Dorcas Ye Blackmore

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Dorcas Ye Blackmore (c. 1620-after 1677) was one of the first named African Americans to settle in New England and the first known African American to be admitted to church membership there in 1641 by the Puritans.[1]

Dorcas was likely born in Africa around 1620 and may have arrived in Boston, Massachusetts aboard the slave ship, "Desire" in 1638 after Bostonians transported Pequot Indians captured during the Pequot War to the Bahamas to trade for African slaves.[2] By 1641 Dorcas was a slave/servant for Israel Stoughton, a prominent colonial leader and businessman in Dorchester, Massachusetts, and in 1641 Dorcas joined the First Parish Church of Dorchester in 1641 after giving a public testimony to the congregation.[3][4] Later in 1641 several months after Dorcas joined the church, the colony passed a law formally sanctioning slavery of Africans and Native Americans in the Massachusetts Body of Liberties and explicitly stating that church membership did not exempt anyone from servitude. The early publication, New England's First Fruits (1643), recorded how Dorcas evangelized Native American servants and was admitted to full church membership.[5] [6][7][8] Israel Stoughton died in 1644, and his will did not address Dorcas' status.[9][10] Dorcas likely continued living in the large Stoughton household with Israel's widow, Elizabeth, for a period.[11] Prior to 1652 Dorcas likely married a man named Matthew and had several children including a son, Matthew, baptized in Boston in 1652 and a daughter, Martha, who died in 1654.[12][13][14] In 1653 fellow members of Dorchester's First Church, including Rev. Richard Mather and elder, Henry Withington, sought to purchase Dorcas' freedom and raised funds to free her. In 1677 Dorcas was allowed to formally transfer her church membership from the Dorchester Church to First Church in Boston as the first known African American member there.[15]

References[edit]

  1. ^ Deborah Colleen McNally, "To Secure her Freedom: “Dorcas ye blackmore,” Race, Redemption, and the Dorchester First Church" The New England Quarterly, Volume 89 | Issue 4 | December 2016 , p.533-555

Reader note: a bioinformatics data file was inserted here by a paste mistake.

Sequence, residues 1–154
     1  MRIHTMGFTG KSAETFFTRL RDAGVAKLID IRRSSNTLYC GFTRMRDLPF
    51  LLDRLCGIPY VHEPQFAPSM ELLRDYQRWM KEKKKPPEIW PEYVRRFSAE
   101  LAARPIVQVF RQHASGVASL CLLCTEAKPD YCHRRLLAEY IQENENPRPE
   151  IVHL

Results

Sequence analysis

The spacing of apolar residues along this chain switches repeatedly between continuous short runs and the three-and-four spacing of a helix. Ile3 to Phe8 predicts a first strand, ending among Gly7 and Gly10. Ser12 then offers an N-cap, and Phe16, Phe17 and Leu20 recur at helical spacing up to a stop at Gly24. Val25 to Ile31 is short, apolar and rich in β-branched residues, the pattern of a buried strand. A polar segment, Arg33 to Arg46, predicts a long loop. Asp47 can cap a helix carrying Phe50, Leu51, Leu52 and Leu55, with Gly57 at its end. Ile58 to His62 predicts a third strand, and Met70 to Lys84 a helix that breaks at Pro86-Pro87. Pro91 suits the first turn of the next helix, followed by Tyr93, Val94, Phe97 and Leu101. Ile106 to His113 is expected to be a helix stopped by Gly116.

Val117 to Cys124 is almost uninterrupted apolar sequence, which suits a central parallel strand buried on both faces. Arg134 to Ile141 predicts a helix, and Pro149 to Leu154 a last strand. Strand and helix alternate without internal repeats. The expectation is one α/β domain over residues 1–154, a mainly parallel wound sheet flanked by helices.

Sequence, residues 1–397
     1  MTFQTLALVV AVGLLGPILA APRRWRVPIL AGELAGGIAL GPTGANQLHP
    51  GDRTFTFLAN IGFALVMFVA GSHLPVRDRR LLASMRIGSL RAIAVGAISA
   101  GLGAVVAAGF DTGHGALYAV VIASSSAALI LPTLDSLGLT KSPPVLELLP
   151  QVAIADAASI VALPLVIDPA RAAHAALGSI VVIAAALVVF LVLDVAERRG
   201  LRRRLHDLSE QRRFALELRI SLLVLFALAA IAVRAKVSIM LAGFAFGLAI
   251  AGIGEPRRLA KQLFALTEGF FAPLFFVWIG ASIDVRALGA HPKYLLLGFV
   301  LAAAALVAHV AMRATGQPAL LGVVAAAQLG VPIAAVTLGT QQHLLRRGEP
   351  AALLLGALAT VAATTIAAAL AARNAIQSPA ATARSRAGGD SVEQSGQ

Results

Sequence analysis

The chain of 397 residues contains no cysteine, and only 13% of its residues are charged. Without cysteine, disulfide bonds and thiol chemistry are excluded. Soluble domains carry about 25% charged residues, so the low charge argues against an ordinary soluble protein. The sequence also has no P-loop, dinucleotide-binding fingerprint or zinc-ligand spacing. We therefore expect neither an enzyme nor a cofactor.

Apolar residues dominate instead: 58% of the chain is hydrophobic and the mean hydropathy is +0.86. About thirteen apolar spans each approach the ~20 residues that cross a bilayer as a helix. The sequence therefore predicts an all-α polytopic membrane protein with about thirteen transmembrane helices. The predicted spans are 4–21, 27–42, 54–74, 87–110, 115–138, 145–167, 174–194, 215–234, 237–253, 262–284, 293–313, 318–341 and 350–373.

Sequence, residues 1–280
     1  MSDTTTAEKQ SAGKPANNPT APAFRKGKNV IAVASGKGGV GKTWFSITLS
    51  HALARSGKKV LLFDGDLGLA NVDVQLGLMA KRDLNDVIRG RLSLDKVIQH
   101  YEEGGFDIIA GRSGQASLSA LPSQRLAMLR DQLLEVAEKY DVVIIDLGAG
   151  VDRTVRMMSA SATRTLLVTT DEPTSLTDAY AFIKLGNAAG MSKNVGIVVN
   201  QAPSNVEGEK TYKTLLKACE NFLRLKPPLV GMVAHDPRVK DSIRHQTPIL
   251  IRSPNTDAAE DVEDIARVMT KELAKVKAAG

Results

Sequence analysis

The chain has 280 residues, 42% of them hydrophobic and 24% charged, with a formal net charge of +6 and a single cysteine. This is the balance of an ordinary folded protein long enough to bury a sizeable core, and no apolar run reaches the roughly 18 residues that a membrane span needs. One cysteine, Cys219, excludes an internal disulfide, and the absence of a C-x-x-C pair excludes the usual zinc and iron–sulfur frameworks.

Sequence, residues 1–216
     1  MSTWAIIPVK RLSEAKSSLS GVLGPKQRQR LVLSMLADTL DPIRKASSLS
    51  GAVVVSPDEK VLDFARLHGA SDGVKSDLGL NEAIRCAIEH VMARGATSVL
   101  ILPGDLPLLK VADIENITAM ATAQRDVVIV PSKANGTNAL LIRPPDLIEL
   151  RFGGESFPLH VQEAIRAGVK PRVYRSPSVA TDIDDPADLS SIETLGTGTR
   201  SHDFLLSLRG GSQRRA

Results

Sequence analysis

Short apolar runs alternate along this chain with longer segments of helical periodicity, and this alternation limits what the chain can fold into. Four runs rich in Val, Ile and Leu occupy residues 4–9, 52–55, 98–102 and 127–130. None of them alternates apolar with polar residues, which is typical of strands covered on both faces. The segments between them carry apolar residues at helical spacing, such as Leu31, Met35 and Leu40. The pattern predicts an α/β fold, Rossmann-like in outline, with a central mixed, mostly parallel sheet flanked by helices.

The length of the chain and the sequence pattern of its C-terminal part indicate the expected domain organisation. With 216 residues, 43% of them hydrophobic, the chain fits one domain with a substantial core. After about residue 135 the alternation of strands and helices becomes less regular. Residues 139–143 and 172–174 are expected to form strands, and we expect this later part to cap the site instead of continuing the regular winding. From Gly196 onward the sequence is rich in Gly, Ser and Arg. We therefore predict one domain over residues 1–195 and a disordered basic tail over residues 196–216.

2. ^ Deborah Colleen McNally, "To Secure her Freedom: “Dorcas ye blackmore,” Race, Redemption, and the Dorchester First Church" The New England Quarterly, Volume 89 | Issue 4 | December 2016 , p.533-555
  3. ^ The Records of the First Church of Dorchester
  4. ^ Deborah Colleen McNally, "To Secure her Freedom: “Dorcas ye blackmore,” Race, Redemption, and the Dorchester First Church" The New England Quarterly, Volume 89 | Issue 4 | December 2016 , p.533-555
  5. ^ Deborah Colleen McNally, "To Secure her Freedom: “Dorcas ye blackmore,” Race, Redemption, and the Dorchester First Church" The New England Quarterly, Volume 89 | Issue 4 | December 2016 , p.533-555
  6. ^ http://www.blackpast.org/aah/dorcas-blackmore-ca-1620
  7. ^ Winthrop's Journal, "History of New England," 1630-1649
  8. ^ New England's First Fruits
  9. ^ Deborah Colleen McNally, "To Secure her Freedom: “Dorcas ye blackmore,” Race, Redemption, and the Dorchester First Church" The New England Quarterly, Volume 89 | Issue 4 | December 2016 , p.533-555
  10. ^ New England Historical and genealogical Register 4 (1847-1852): 51-52 https://archive.org/details/newenglandhistor004wate/
  11. ^ Deborah Colleen McNally, "To Secure her Freedom: “Dorcas ye blackmore,” Race, Redemption, and the Dorchester First Church" The New England Quarterly, Volume 89 | Issue 4 | December 2016 , p.533-555
  12. ^ Deborah Colleen McNally, "To Secure her Freedom: “Dorcas ye blackmore,” Race, Redemption, and the Dorchester First Church" The New England Quarterly, Volume 89 | Issue 4 | December 2016 , p.547-549
  13. ^ Pierce, ed., The Records of the First Church of Boston, 1:323
  14. ^ for Martha's (daughter of Dorcas and Matthew) death: Boston Town records: https://books.google.com/books?id=1pBIAAAAYAAJ
  15. ^ Pierce, ed., The Records of the First Church of Boston, Volume 1